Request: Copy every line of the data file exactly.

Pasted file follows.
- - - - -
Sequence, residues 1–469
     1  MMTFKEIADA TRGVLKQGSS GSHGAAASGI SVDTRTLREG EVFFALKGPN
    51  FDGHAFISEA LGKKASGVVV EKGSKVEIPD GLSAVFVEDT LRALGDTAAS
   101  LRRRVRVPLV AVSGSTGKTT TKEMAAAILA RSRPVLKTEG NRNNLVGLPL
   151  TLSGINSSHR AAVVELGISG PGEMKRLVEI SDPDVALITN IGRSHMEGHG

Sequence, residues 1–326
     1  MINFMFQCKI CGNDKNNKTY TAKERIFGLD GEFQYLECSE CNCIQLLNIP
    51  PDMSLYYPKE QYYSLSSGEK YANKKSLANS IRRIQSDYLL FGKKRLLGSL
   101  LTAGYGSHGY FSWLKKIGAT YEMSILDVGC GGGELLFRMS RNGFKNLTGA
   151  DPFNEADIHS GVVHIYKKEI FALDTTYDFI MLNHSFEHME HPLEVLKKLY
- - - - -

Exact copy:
Sequence, residues 1–469
     1  MMTFKEIADA TRGVLKQGSS GSHGAAASGI SVDTRTLREG EVFFALKGPN
    51  FDGHAFISEA LGKKASGVVV EKGSKVEIPD GLSAVFVEDT LRALGDTAAS
   101  LRRRVRVPLV AVSGSTGKTT TKEMAAAILA RSRPVLKTEG NRNNLVGLPL
   151  TLSGINSSHR AAVVELGISG PGEMKRLVEI SDPDVALITN IGRSHMEGHG

Sequence, residues 1–326
     1  MINFMFQCKI CGNDKNNKTY TAKERIFGLD GEFQYLECSE CNCIQLLNIP
    51  PDMSLYYPKE QYYSLSSGEK YANKKSLANS IRRIQSDYLL FGKKRLLGSL
   101  LTAGYGSHGY FSWLKKIGAT YEMSILDVGC GGGELLFRMS RNGFKNLTGA
   151  DPFNEADIHS GVVHIYKKEI FALDTTYDFI MLNHSFEHME HPLEVLKKLY